A new milestone has been reached for New York’s largest new development. The highest public outdoor observation deck in the Western Hemisphere has begun to take shape near the peak of 30 Hudson Yards. Related Companies and Oxford Properties Group have announced that construction has started for the outdoor terrace, which will be just one part of the multi-floor space that includes a 10,000 square foot restaurant, bar, and space for events programmed by the hospitality group rhubarb, who were also responsible for the Sky Garden lounge in London.
Kohn Pedersen Fox
With 175 Greenwich Street nearing its opening day and 200 Greenwich Street hopefully expected to begin construction within the next few years, most of the World Trade Center’s rebuilding is nearing completion. But one major hole in Downtown’s fabric still remains, at the site of the former Deutsche Bank Building. Plans for a pot-bellied skyscraper had been proposed around the time of the tower’s demolition, but in the years since, the plot had seemingly been forgotten, and is currently covered in asphalt. Today, YIMBY has a major update on the site, thanks to zombified plans from Chinese developer Dalian Wanda Group, which would yield a new residential and hotel supertall designed by Kohn Pedersen Fox.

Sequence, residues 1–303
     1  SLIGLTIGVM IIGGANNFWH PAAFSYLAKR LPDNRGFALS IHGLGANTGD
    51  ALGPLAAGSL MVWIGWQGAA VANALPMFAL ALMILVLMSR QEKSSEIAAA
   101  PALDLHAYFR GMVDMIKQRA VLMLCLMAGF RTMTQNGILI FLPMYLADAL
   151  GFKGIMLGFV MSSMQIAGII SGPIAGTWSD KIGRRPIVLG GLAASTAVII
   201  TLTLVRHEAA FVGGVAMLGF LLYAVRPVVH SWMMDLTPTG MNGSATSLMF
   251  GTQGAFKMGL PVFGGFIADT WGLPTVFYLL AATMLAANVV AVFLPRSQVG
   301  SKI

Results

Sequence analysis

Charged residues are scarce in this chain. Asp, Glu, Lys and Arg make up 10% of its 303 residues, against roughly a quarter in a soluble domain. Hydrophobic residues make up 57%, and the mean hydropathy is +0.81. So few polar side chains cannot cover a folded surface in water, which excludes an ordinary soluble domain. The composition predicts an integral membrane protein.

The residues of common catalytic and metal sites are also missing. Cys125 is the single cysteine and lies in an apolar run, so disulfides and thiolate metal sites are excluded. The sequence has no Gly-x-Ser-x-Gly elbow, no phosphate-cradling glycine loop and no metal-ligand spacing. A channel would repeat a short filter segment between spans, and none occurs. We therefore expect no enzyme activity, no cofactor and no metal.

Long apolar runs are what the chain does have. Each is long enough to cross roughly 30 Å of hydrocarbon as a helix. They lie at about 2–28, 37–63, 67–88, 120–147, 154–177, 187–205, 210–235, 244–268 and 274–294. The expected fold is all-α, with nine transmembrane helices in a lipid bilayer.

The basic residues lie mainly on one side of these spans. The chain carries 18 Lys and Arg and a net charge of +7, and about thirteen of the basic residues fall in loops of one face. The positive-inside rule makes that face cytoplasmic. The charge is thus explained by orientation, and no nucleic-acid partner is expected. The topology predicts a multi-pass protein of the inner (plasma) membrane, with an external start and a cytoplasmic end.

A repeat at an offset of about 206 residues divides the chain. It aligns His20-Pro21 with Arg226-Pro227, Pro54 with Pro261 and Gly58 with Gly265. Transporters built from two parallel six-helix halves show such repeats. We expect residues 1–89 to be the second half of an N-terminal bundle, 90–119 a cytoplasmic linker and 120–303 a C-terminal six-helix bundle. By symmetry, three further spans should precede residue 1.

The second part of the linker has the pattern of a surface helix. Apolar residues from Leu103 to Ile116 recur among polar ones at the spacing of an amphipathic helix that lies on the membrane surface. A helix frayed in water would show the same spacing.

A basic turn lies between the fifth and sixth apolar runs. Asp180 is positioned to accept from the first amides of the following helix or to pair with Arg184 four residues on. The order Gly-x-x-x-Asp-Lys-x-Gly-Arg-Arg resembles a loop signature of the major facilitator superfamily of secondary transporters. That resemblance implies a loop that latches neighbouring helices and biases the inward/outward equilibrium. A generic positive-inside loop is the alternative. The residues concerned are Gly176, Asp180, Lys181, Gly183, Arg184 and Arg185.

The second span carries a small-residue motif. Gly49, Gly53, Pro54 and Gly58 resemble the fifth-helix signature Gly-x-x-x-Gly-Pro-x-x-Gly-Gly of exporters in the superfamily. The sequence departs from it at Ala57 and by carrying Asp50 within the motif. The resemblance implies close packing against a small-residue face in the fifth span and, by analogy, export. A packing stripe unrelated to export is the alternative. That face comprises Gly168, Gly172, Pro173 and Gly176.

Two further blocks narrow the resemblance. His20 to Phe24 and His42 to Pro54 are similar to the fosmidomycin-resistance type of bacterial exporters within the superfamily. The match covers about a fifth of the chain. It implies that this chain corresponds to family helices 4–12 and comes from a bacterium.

It was just a month ago that YIMBY reported on progress on One Vanderbilt, the first supertall to result from the rezoning of Midtown East. The tower had reached the milestone of finally surpassing its massive cantilevering base, revealing its full width to pedestrians. Today, we have a look at photographs from inside the site by Max Touhey.
Construction is moving along at One Vanderbilt in Midtown, with work on the lower floors now rising past the cantilever. Thanks to images by Tectonic, we can see the tower has reached its maximum width. It is now nearly the same height as Grand Central Terminal, which peaks at 130 feet. Several companies have recently signed on for space, with Greenberg Traurig announcing plans to move their center of New York Operations into the supertall, acquiring a fifteen-year lease for four continuous floors.
Back in early September, YIMBY reported on progress at Waterline Square, on the southern edge of the Upper West Side. Now, the trio of residential high-rises has officially topped-out, and the latest photos show that the former chasm of urbanity is rapidly transforming into an attractive component of the neighborhood at large.